Picnic on the prairie celebrates permanent home of Haven shelter

— Created August 23, 2023 by Kathy Reed

By Kathy Reed

It has been a long time in the making and the Whidbey Homeless Coalition invites the community to celebrate the pending opening of the Haven shelter’s permanent location with a housewarming picnic on the prairie. The fundraising celebration will be held Saturday, Aug. 26 from noon to 3 p.m. at the new Haven location, 331 Morris Road, in Coupeville. Tickets are $20 per person or $50 for families with children and may be purchased in advance at whidbeyhomeless.org or at the door on the day of the event.

The housewarming will include a barbecue buffet, live music, a silent auction, 50/50 raffle and an opportunity to tour the shelter, which is expected to open in the next few weeks.

Photo Courtesy of Whidbey Homeless Coalition
The Whidbey Homeless Coalition will celebrate the upcoming opening of its permanent Haven shelter location by hosting a fundraising picnic from noon to 3 p.m. Saturday, Aug. 26 at the shelter’s new site in rural Coupeville. Tickets are available at whidbeyhomeless.org. The event will feature a barbecue buffet, live music, silent auction, a raffle and tours of the facility, which is scheduled to open in a few weeks.

“The building is a dream come true,” said Whidbey Homeless Coalition board member Shellie Moore. “We never imagined we would be able to own a building outright, but because of the Department of Commerce having grants available during COVID, we were able to make that leap of faith.”

The Haven has been operating on a “pop up” basis at various churches around the Oak Harbor area since it was founded in 2017. The ability to have a permanent location comes with many benefits, Moore said.

“For staff, not having to pack up every morning and unpack every night will be a blessing,” she said. “Our guests will feel more welcome and at home, not moving from place to place. It’s going to have so many benefits.”

The new building, which Whidbey Homeless Coalition has been working on for three years, will be able to house 30 guests per night. The shelter will continue to operate much as it has since it began – people will register for the shelter daily in Oak Harbor and will be transported to the Haven. Guests will be transported back to Oak Harbor the following morning and will only be allowed to stay on site overnight.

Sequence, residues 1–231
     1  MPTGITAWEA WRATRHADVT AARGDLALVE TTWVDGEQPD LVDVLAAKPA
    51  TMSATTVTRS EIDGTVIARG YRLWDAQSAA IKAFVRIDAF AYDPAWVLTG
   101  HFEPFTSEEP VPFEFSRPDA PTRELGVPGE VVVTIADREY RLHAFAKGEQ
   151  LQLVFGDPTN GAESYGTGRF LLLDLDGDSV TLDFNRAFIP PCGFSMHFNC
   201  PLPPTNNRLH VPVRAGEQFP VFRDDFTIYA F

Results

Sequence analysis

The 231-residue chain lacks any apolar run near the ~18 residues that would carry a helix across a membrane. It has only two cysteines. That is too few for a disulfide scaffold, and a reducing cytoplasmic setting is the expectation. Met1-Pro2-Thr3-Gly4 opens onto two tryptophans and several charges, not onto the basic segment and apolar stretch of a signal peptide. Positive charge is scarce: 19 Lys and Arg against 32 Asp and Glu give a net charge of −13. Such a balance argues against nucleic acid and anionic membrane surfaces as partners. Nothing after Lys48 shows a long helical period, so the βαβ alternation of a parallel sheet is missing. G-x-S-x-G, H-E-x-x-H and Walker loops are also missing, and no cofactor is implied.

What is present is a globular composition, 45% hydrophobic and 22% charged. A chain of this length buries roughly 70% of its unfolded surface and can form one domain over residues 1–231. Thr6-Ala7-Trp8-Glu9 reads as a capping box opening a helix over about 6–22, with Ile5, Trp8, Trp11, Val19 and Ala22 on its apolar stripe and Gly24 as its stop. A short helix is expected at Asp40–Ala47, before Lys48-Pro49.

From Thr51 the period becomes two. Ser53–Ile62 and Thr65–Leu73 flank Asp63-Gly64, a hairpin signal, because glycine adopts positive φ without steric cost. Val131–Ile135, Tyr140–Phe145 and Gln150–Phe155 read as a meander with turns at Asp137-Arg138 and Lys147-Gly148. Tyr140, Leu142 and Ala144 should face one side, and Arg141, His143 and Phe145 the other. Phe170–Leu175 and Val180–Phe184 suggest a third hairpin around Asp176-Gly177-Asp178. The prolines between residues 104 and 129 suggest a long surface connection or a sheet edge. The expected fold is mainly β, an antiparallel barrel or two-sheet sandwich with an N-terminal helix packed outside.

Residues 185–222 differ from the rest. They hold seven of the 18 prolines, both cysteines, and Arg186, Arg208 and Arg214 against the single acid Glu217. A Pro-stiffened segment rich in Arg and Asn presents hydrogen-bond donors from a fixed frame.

“For neighbors that are worried, we care about them,” Moore stated. “We want to be good neighbors. It will continue to be a structured environment. It is not going to be a homeless camp.” 

The mission of the Whidbey Homeless Coalition is to make homelessness a “brief and rare experience on Whidbey Island,” according to Moore. She said that is something that is getting harder and harder to do. Much like the rest of the country, homelessness is a growing problem.

“I just think homelessness is such a multi-faceted picture,” Moore said. “The need has grown in part because affordable housing has shrunk. Airbnbs have taken up so many of the cabins and apartments that nicer rentals have become harder to find. Even with good credit and references, it’s still difficult to find something affordable, and that trickles down to our most vulnerable.

Photo Courtesy of Whidbey Homeless Coalition
The Whidbey Homeless Coalition was able to purchase an old church in rural Coupeville thanks in part to a grant received from the Department of Commerce during COVID. The building has been refurbished and will soon open as the new site of the Haven homeless shelter. Island County Sheriff Rick Felici and U.S. Rep. Rick Larsen toured the facility shortly after its purchase in 2020.

“The reasons people become homeless are so varied, from disability to domestic violence and drug abuse is certainly one of the reasons on the list, but not for most of the people who come into our shelter,” she continued. “On the other hand, when people make the decision to reach out for help and come into shelter, it’s a real opportunity to get put in touch with services. We don’t have mental health professionals on staff, but we can get them connected with detox programs, rehabilitation programs and people who can help.”

Moore said WHC is hoping people will come to the picnic to get a firsthand look at the new shelter and be willing to help with the organization’s most pressing needs.

“We need cash,” she said frankly. “We have a $60,000 matching grant currently, and we are really hoping people will come to the picnic with a generous spirit. While we currently don’t have a commercial kitchen, once we are up and running, we will have a pantry with ready-to-eat foods like soup or oatmeal.”

Another need WHC would like to see replenished following the pandemic, is for volunteers.

“We had a good group of volunteers before COVID, but when that hit, we lost a lot of those people,” Moore explained. “Now I feel like the Haven is going to feel like a home and hopefully people will be drawn to engage again. At the picnic, one thing we’ll talk about will be the different kinds of opportunities for volunteering, whether for the board, to help with the website or with social media skills.”

People interested in attending the fundraising picnic Aug. 26 are encouraged to RSVP by purchasing tickets in advance. The Whidbey Homeless Coalition was founded in 2014 and also operates the House of Hope in Langley, which is a 90-day shelter for families and single adults at risk of homelessness. Information on WHC and its programs, including the upcoming fundraising picnic, can be found online at whidbeyhomeless.org.

“I just feel a lot of gratitude for the community and the people who have helped support this program,” Moore said.